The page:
There are a lot of emotions and ideas attached to wheelchairs in our society. Too many of them are negative. Often, people associate wheelchairs with helplessness instead of independence. The trick is working with your mobility needs, and that starts with the home. Our tips for making your home more wheelchair accessible will help.
One of the biggest challenges facing people in wheelchairs are stairs. For outdoor stairs leading up to the house, this is a relatively low-cost fix. Simply add a wheelchair ramp on top or beside the stairs. However, interior stairs prove more difficult. Most opt for a stairlift, but an in-home elevator can work for those without financial constraints.
Bathrooms present a host of slipping and tripping hazards, making them particularly tricky places to navigate. This is especially true in a wheelchair. Fortunately, there are plenty of options to make your bathroom more wheelchair friendly.
- Bars beside the toilet and bathtub
- Roll-in shower
- Motion sensor sink or easy-pull faucets
- Adjusting heights of the sink and toilets
Additionally, you can consider opting for a Japanese-style “wet room” bathroom. Wet rooms have an unenclosed shower with a tiled floor with a drain in the bottom. This totally eliminates the need to climb in and out of a shower or tub.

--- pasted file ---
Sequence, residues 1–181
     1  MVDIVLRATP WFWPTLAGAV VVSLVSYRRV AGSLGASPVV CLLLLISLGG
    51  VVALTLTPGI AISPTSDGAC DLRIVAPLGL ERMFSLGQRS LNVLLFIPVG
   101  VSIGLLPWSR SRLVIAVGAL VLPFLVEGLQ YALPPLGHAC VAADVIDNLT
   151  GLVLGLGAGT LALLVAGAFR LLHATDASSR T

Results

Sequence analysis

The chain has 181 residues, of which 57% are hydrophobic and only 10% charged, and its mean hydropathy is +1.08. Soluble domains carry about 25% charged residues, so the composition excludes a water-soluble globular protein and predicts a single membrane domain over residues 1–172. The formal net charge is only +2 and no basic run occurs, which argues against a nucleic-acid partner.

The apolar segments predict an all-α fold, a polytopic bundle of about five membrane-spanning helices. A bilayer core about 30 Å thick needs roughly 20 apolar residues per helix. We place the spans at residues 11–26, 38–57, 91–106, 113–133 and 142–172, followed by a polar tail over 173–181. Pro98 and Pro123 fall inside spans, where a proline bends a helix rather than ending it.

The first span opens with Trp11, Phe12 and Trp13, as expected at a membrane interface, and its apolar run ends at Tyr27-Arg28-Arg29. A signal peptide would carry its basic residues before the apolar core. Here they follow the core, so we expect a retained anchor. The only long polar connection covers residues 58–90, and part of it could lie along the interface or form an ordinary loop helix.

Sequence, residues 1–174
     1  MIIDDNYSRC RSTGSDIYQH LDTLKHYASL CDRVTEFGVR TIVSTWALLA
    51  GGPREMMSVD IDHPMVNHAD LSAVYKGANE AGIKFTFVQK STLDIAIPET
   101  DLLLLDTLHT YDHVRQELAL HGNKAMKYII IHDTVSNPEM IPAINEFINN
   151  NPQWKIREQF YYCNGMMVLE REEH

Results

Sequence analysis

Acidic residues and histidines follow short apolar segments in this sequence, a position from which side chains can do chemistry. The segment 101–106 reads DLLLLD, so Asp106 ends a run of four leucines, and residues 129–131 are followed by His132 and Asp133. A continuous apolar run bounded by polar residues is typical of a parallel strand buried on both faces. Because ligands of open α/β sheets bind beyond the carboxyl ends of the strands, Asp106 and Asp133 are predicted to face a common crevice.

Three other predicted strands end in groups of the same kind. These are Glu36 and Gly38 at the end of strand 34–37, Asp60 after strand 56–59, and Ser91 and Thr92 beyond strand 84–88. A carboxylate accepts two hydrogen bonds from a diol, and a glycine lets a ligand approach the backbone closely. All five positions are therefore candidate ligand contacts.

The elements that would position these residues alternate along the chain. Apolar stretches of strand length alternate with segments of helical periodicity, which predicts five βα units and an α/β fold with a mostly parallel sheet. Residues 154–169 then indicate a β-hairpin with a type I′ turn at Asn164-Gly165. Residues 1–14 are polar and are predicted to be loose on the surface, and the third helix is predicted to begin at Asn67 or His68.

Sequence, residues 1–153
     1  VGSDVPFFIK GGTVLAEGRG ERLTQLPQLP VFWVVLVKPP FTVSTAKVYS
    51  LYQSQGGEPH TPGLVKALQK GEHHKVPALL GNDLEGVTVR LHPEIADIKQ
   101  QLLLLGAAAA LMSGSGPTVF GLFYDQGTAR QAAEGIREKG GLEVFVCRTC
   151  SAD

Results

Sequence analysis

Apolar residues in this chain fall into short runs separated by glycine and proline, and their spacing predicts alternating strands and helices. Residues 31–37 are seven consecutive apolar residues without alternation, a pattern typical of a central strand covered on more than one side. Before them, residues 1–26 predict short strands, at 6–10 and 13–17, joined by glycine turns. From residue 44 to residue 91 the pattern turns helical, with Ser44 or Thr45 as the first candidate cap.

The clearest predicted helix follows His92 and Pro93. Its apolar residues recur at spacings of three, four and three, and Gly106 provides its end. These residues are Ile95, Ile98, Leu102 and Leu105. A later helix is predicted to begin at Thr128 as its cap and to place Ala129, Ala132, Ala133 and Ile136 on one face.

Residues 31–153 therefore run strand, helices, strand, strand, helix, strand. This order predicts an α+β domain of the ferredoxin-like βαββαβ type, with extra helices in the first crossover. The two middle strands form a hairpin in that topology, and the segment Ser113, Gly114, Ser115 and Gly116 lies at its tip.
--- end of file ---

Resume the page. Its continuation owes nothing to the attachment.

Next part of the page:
We don’t often think of open areas like our living rooms as being inaccessible until we try to navigate them in a wheelchair. Then, you notice that the furniture is a little too close together or there are things just out of reach. Try these tricks:
- Emphasize an open floor plan
- Choose smooth flooring options like vinyl, laminate, and low-pile carpeting
- Widen doorways or remove doors
- Utilize low storage such as under-the-table bins
- Invest in a lift chair
In general, you will likely have to place many of your appliances and light switches lower to the ground.
Those in wheelchairs shouldn’t feel confined to their home. Especially not with so many wheelchair-accessible vehicles available in all sizes and shapes depending on your needs. You can also buy modifications to make your own vehicle wheelchair accessible, such as hand controls or left foot accelerators.
Making your home more wheelchair accessible can seem overwhelming at first. However, by taking it room by room, you’ll have a home you can navigate before you know it.